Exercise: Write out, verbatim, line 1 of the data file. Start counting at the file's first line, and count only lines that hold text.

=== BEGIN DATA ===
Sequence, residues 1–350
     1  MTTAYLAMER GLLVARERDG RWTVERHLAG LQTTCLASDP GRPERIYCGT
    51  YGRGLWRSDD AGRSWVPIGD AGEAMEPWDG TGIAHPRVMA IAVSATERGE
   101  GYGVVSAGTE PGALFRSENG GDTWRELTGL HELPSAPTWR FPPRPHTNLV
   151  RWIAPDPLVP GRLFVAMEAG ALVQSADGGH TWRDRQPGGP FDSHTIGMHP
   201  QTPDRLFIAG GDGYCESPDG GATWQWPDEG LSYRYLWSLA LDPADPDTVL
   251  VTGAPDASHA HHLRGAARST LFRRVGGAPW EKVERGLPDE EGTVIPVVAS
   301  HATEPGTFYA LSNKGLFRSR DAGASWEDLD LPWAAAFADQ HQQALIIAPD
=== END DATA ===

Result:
Sequence, residues 1–350